SNAP Encourages Work
The Supplemental Nutrition Assistance Program (SNAP) protected 44 million Americans in 2016 from food insecurity and hunger. Critics of the program who are demanding significant changes and drastic cuts often ignore the makeup of the SNAP population, the economic conditions people face, and the reality that SNAP successfully encourages work.
Who Receives SNAP Benefits?
- Kids ― Nearly 20 million – 44 percent – of SNAP recipients are children.
- Elderly or disabled adults ― Approximately 12 percent of SNAP beneficiaries are elderly and another 9 percent are disabled adults.
- Other adults, a majority of whom are in households with children ― While 35 percent of SNAP recipients are non-elderly, non-disabled adults, only 8.8 percent of recipients are able-bodied adults without dependents (ABAWDs).
Adults in Households without Children Are Required to Work
ABAWDs are adults between 18 and 49 in childless households who currently face stringent work requirements. If they do not maintain work or participate in a job-training program, they cannot receive SNAP benefits for more than three months in three-year period.
States and localities can seek waivers from these work requirements and the accompanying three-month time limit during hard economic times. In 2009, as our country was facing the worst economic downturn since the Great Depression, the Recovery Act suspended the waiver requirement in every state through September 2011. In 2012, as our nation continued to recover from the recession, 47 states still had waivers, 45 of which covered the entire state. That number has now declined to 9 states with a statewide waiver, while 27 have waivers to cover those parts of their state still struggling to recover from the recession. Therefore, even during the recovery, ABAWDs who remain on SNAP outside the time limit are able to do so only because of the ongoing economic conditions where they live.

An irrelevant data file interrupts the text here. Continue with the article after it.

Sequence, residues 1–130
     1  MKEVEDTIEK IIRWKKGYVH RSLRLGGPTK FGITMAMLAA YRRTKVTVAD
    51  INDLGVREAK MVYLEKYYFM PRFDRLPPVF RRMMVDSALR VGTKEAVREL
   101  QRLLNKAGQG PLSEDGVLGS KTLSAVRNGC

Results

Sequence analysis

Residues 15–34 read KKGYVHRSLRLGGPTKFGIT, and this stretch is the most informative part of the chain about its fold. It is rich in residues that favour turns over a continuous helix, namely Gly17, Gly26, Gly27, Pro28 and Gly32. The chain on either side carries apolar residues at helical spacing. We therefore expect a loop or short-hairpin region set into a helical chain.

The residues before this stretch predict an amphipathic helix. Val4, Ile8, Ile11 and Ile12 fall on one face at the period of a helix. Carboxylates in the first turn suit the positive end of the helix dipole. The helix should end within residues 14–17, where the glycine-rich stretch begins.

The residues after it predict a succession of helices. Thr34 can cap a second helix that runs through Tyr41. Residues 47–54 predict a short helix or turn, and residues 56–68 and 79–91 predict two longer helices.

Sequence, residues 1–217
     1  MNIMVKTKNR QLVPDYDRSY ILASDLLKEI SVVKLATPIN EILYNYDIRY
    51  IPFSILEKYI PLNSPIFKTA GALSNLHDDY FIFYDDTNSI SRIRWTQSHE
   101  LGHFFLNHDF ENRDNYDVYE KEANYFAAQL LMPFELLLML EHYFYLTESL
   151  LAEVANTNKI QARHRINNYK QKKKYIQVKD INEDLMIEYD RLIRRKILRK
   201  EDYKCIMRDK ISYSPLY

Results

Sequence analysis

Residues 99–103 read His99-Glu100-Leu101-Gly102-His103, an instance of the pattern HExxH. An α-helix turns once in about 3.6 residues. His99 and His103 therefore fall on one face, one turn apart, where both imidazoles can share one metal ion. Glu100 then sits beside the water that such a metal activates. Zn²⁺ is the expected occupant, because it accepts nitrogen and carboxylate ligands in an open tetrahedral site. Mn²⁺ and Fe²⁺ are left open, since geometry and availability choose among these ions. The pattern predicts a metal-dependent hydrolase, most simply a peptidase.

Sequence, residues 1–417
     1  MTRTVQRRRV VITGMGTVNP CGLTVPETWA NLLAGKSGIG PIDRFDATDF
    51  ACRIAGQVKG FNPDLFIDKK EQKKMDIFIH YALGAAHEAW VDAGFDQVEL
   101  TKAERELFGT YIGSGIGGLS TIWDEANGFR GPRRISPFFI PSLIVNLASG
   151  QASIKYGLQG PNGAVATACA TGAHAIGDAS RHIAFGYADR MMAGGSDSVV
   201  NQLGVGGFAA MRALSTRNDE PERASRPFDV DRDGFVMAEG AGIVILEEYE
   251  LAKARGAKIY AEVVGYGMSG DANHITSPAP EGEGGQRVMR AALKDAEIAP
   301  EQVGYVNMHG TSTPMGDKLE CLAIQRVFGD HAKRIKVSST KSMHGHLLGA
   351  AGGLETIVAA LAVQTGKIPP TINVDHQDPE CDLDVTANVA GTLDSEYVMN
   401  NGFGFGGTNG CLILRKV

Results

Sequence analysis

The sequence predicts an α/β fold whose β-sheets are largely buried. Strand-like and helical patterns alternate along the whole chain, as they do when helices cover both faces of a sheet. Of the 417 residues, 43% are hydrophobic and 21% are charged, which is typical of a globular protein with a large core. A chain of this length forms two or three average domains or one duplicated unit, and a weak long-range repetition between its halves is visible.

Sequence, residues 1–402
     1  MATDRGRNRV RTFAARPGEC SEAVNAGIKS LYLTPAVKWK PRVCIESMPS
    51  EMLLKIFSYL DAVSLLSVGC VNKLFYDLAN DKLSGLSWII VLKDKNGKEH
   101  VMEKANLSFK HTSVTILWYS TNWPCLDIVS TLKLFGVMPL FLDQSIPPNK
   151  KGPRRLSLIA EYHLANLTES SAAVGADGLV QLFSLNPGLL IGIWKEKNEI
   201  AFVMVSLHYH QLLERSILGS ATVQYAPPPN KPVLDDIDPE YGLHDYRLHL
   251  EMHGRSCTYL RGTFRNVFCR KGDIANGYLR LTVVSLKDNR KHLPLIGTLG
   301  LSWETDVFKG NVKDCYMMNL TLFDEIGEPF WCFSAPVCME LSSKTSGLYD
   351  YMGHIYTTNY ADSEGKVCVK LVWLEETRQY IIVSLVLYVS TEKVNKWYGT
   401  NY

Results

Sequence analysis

Many on SNAP that Can Work, Do Work
Many non-disabled, non-elderly adults who are able to work do so. In households with children and at least one able-bodied adult, the majority had earned income while receiving SNAP benefits. In fact, work rates among SNAP recipients have generally been increasing year after year, especially among households with children. And because SNAP is designed to respond immediately and effectively to economic conditions, SNAP serves as a lifeline for those in between jobs, a situation low-income individuals and families are more likely to face.
Even if individuals have or find full-time employment, they may still face economic conditions that leave them unable to meet their basic standards of living. Maintaining one federal minimum-wage job would earn a single individual without dependents $15,080 a year, or just below 130 percent of the Federal Poverty Level (FPL). Yet SNAP eligibility generally does not end until a household’s gross income exceeds 130 percent of FPL. Until there is more widely shared prosperity, including earning a living wage for those at the low end of the income scale, there will be a need for government programs that help working families put food on their tables.